Leatt DBX 6.0 Helmet - Review from Pinkbike.com:
Leatt first made their mark in the mountain bike world six years ago with the introduction of their DBX neck brace, which was based on the protective gear they first designed for motocross racers. In the ensuing years the South African company has continued to expand their lineup, adding in everything from knee pads to riding apparel.
The DBX 6.0 is their high-end full-face helmet, packed full of features like a carbon shell, Leatt's 360° Turbine Technology, and generous venting. Available in sizes XS-XXL, the DBX 6.0 retails for $499.00 USD.
Leatt DBX 6.0 Helmet Details
• Carbon fiber shell
• 360° Turbine Technology
• Removable liner and cheek pads
• EN1078; US CPSC; ASTM F1952–10 Certified
• Sizes: XS, S, M, L, XL
• 8 color options (chrome adds $50)
• Weight: 1030 grams (size M)
• MSRP: $499 USD
There's still a lot we don't know about brain injuries, but in recent years the dangers of withstanding multiple concussions have become increasingly clear, and more and more helmet manufacturers are trying new technologies in an effort to reduce the amount of force that reaches the brain during a crash.
With the DBX 6.0, the carbon fiber shell itself was designed to have a low profile shape, which Leatt says helps reduce the rotational force that reaches the head and brain. The visor is mounted with three plastic screws that are designed to break during a crash, releasing the visor and reducing the chance that it will hang up and put additional strain on the head and neck. Underneath the carbon shell are two layers of foam, each with a different density. A V-shaped pattern allows the two pieces of foam to lock together, forming a cohesive protective layer. By using two layers, Leatt says they are able to create a thinner, stiffer, and more impact absorbent layer compared to the traditional method of using one density of EPS foam.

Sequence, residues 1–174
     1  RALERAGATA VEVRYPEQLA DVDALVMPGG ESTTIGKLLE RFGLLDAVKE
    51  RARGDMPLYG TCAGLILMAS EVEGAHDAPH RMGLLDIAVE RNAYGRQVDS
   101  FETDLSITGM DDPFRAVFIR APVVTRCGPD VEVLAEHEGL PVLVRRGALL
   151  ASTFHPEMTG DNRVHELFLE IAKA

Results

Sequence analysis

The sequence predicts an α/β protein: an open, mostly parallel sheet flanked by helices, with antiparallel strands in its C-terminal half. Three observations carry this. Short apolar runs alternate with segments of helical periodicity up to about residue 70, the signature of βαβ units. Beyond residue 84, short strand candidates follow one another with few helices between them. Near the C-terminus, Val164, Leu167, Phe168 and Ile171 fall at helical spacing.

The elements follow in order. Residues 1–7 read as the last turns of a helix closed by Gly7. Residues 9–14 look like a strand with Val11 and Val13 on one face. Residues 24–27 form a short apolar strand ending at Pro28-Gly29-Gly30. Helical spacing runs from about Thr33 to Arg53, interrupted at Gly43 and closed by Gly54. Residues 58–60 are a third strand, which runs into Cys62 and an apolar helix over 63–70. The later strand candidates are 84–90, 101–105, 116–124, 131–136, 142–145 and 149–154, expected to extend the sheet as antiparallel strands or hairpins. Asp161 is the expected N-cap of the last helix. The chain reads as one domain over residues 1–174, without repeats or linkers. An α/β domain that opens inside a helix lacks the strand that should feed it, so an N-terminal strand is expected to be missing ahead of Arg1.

Next, eleven Armourgel discs are attached to the foam, which Leatt calls “360° Turbine Technology.” Commonly used in knee and elbow guards, Armourgel is a viscoelastic material that's pliable until an impact occurs, at which point it immediately hardens. That transformation serves to reduce the force of an impact, and according to Leatt those blue discs also reduce the amount of rotational acceleration that occurs during a crash.
As always, when it comes to helmets, fit will vary from rider to rider depending on head shape, and whether your skull is shaped like a watermelon or a bowling ball, it's best to try a helmet on in person to ensure the optimum fit. I have more of an oval shaped head, and while the DBX 6.0 fit well around the top of my skull, it was a little looser around my upper cheek bones than I would have preferred – slightly thicker cheek pads would have helped. Conversely, the actual opening of the helmet seemed a little smaller than it needed to be, and it tended to yank on my ears when I took it off. Granted, I do have big ears, so this might not be the same for everyone. Otherwise, the helmet was very comfortable, with a nice cushy liner, and even with all of those Armourgel discs in place there weren't any odd pressure points. If anything, those discs added comfort by putting a compliant layer of rubber between my head and the foam liner.
As far as ventilation goes, the vents located just above the forehead are relatively small, but luckily the larger openings closer to the rear of the helmet take up the slack by giving hot air plenty of room to escape. I never felt uncomfortably warm even during the height of summer, when temperatures were sitting in the upper 80s / low 90s (28-34° C). Regarding goggles, I found that the DBX 6.0 worked best with lower profile frames, something along the lines of the Smith Squad. Models with larger frames or thicker foam, like the Spy Optic or Giro Blok didn't fit as well, and it felt like they were filling the entire face opening.
Leatt recently announced an updated version of the DBX 6.0, the DBX 6.0 Carb V23. The name may not exactly roll off the tongue, but the new version receives larger vents at the front of the chin bar, a revised visor shape, less busy graphics, and a Fidlock magnetic buckle instead of the D-ring design. The shell design and the other features remain unchanged, but the slight revision does help to make the helmet look even more appealing.
Pinkbike's Take: There's no shortage of options these days when it comes to high end full face helmets, and that's a good thing. I had a few little issues with the fit, but that's a matter of head shape more than anything, and otherwise the DBX 6.0 meets all the criteria for a helmet of this caliber - carbon shell, light weight, well ventilated - and goes a step further with the use of multi-density foam and the 360-degree Turbine Technology. It's pricey, but if there's one thing worth investing in, it's keeping your head safe. - Mike Kazimer